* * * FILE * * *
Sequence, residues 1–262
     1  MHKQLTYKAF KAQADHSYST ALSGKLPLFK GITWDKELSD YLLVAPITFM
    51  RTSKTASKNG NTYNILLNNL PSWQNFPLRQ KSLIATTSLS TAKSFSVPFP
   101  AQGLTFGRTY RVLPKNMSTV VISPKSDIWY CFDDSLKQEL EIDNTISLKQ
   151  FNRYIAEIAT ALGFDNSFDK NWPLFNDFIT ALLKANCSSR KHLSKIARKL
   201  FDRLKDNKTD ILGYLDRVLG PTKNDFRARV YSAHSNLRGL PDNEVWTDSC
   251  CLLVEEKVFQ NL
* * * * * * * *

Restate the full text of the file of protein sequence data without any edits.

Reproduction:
Sequence, residues 1–262
     1  MHKQLTYKAF KAQADHSYST ALSGKLPLFK GITWDKELSD YLLVAPITFM
    51  RTSKTASKNG NTYNILLNNL PSWQNFPLRQ KSLIATTSLS TAKSFSVPFP
   101  AQGLTFGRTY RVLPKNMSTV VISPKSDIWY CFDDSLKQEL EIDNTISLKQ
   151  FNRYIAEIAT ALGFDNSFDK NWPLFNDFIT ALLKANCSSR KHLSKIARKL
   201  FDRLKDNKTD ILGYLDRVLG PTKNDFRARV YSAHSNLRGL PDNEVWTDSC
   251  CLLVEEKVFQ NL